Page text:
Bark Thickness in Coast Redwood (Sequoia sempervirens (D.Don) Endl.) Varies According to Tree- and Crown Size, Stand Structure, Latitude and Genotype
- Author(s): Berrill, John-Pascal;
- O’Hara, Kevin L;
- Kichas, Nickolas E
- et al.
Published Web Locationhttps://doi.org/10.3390/f11060637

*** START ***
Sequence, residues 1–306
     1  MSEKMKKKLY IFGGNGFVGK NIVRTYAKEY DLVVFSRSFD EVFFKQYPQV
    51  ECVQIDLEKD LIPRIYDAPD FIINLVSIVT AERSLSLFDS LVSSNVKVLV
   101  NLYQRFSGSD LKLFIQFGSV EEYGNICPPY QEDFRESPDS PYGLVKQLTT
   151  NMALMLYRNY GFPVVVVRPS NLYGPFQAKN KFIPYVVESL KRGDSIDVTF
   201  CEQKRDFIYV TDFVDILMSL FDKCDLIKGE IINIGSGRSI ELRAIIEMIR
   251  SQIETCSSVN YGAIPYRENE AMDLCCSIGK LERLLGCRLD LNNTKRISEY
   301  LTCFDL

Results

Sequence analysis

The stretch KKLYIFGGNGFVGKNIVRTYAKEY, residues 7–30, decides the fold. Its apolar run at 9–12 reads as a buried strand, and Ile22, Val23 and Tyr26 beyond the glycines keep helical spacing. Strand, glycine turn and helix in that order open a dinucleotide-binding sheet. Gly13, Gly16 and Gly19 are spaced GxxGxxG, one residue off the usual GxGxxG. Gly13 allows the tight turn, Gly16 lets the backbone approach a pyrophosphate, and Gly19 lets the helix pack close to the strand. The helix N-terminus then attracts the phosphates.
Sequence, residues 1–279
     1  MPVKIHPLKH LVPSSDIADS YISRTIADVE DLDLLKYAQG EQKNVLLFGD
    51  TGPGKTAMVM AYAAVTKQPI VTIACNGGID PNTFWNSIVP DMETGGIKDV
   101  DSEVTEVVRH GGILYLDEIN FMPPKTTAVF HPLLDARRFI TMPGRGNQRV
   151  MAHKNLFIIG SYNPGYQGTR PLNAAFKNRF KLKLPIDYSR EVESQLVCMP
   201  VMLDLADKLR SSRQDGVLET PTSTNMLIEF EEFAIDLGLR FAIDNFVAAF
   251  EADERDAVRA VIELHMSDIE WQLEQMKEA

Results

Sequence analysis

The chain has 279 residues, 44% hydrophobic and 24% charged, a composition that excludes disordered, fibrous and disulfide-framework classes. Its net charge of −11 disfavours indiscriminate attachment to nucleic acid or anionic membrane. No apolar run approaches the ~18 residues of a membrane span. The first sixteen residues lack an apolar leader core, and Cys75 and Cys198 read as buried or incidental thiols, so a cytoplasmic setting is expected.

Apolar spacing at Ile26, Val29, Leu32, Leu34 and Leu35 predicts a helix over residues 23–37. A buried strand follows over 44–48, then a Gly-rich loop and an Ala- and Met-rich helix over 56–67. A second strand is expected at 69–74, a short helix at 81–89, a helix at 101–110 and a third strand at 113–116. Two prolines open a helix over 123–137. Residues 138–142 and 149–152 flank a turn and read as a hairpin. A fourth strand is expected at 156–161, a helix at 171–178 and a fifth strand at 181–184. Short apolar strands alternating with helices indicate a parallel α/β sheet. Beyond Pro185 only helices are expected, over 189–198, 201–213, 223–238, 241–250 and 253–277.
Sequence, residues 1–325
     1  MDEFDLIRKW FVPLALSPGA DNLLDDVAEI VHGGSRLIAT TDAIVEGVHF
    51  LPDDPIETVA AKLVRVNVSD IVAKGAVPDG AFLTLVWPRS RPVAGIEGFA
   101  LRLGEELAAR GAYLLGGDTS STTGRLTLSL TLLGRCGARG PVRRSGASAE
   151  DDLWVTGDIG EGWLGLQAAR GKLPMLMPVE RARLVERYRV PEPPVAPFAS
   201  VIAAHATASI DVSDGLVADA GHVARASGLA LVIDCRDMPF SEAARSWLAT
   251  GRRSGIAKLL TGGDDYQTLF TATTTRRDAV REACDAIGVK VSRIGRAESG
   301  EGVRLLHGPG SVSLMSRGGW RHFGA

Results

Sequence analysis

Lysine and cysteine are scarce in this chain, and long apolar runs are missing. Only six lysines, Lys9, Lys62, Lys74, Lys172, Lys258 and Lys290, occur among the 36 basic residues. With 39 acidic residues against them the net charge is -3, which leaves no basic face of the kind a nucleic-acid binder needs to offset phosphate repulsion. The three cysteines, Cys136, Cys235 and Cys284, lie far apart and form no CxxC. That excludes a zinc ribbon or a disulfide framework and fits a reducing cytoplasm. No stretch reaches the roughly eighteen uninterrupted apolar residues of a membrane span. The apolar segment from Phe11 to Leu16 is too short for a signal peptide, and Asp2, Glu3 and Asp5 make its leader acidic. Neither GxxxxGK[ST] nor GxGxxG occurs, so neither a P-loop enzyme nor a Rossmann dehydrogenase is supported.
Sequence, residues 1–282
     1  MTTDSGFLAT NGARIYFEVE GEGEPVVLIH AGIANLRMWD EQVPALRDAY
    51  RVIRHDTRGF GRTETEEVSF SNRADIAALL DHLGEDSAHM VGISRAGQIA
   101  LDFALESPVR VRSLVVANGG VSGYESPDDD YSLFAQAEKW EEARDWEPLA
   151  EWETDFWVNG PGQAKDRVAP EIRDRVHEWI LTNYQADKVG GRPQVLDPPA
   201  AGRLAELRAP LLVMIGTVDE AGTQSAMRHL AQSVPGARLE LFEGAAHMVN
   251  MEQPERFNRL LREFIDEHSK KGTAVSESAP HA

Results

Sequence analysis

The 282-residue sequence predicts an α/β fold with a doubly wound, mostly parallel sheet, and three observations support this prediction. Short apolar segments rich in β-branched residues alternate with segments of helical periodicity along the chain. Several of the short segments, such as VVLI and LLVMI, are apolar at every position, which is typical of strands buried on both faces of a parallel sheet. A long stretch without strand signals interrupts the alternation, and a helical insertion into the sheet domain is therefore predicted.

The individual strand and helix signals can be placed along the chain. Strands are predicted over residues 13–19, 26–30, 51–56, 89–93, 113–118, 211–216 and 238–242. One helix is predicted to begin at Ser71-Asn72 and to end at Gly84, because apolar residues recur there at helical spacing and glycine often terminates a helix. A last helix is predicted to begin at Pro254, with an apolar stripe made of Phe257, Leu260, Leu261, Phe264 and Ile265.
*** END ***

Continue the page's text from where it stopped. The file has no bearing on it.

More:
Research Highlights: Bark thickness (BT) in coastal redwood (Sequoia sempervirens (D.Don) Endl.) varies in accordance with tree size, crown ratio, position within the canopy, height along the tree stem, genetic identity and latitude. However, current BT predictive equations do not account for such variability, leading to inaccurate BT estimations. We present improved BT models to increase the accuracy of BT estimates for coastal redwood in northern California. Background and Objectives: BT is an important metric that has many practical applications in forest management. However, BT varies substantially across species and environments, as well as across individuals and populations. Our objectives were to investigate BT along various gradients of change, with factors accounting for genetics, tapering of BT along the tree bole, differences in BT according to tree crown position within the stand, and the latitude. Materials and Methods: We collected BT data throughout most of redwood’s natural range along a north–south latitudinal gradient. Subsets of these data were used to examine the influence of particular variables on BT while holding the other variables constant. Results: Regionally, the bark was thicker among more xeric southern redwoods and thinner among more mesic northern redwoods. We found that the BT of codominant, intermediate and suppressed trees was around 8%, 14%, and 18% thicker, respectively, than bark of the same size dominant tree. Redwood trees growing in the partial shade of an overstory had thicker bark than trees growing in even-aged stands and incorporating genetic identity yielded major improvements in the BT model estimates, suggesting that BT is under genetic control. Bark thickness decreased with increasing height along the tree stem, with notable differences in the BT above and below breast height. Conclusions: We recommend utilizing the best available BT equations (over standard ‘bark factors’) in forest science, modeling and management applications. We also recommend the adoption of our drilling method for BT measurement on larger trees due to the potential for error associated with traditional bark gauge measurements.